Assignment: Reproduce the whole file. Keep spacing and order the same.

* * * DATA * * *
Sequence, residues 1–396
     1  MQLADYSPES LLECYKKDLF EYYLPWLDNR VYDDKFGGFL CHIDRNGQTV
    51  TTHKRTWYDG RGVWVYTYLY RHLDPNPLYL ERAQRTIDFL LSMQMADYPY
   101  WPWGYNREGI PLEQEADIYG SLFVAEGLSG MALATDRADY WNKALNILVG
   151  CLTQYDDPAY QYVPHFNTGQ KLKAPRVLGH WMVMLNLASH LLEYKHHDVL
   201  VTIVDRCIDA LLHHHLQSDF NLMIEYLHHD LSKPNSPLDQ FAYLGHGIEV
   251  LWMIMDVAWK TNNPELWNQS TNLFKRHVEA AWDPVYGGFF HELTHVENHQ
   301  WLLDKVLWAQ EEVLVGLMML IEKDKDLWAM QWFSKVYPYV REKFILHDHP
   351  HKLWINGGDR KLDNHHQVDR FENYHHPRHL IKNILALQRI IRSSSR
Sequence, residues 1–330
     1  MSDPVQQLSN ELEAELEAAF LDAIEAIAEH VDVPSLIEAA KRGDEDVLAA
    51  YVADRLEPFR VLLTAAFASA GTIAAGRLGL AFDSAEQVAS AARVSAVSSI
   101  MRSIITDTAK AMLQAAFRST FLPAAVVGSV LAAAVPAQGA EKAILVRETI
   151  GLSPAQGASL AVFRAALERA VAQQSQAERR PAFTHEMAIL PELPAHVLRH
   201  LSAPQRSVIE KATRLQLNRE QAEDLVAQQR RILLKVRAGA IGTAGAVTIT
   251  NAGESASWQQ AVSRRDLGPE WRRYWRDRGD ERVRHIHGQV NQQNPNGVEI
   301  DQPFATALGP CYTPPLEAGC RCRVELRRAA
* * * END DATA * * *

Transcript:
Sequence, residues 1–396
     1  MQLADYSPES LLECYKKDLF EYYLPWLDNR VYDDKFGGFL CHIDRNGQTV
    51  TTHKRTWYDG RGVWVYTYLY RHLDPNPLYL ERAQRTIDFL LSMQMADYPY
   101  WPWGYNREGI PLEQEADIYG SLFVAEGLSG MALATDRADY WNKALNILVG
   151  CLTQYDDPAY QYVPHFNTGQ KLKAPRVLGH WMVMLNLASH LLEYKHHDVL
   201  VTIVDRCIDA LLHHHLQSDF NLMIEYLHHD LSKPNSPLDQ FAYLGHGIEV
   251  LWMIMDVAWK TNNPELWNQS TNLFKRHVEA AWDPVYGGFF HELTHVENHQ
   301  WLLDKVLWAQ EEVLVGLMML IEKDKDLWAM QWFSKVYPYV REKFILHDHP
   351  HKLWINGGDR KLDNHHQVDR FENYHHPRHL IKNILALQRI IRSSSR
Sequence, residues 1–330
     1  MSDPVQQLSN ELEAELEAAF LDAIEAIAEH VDVPSLIEAA KRGDEDVLAA
    51  YVADRLEPFR VLLTAAFASA GTIAAGRLGL AFDSAEQVAS AARVSAVSSI
   101  MRSIITDTAK AMLQAAFRST FLPAAVVGSV LAAAVPAQGA EKAILVRETI
   151  GLSPAQGASL AVFRAALERA VAQQSQAERR PAFTHEMAIL PELPAHVLRH
   201  LSAPQRSVIE KATRLQLNRE QAEDLVAQQR RILLKVRAGA IGTAGAVTIT
   251  NAGESASWQQ AVSRRDLGPE WRRYWRDRGD ERVRHIHGQV NQQNPNGVEI
   301  DQPFATALGP CYTPPLEAGC RCRVELRRAA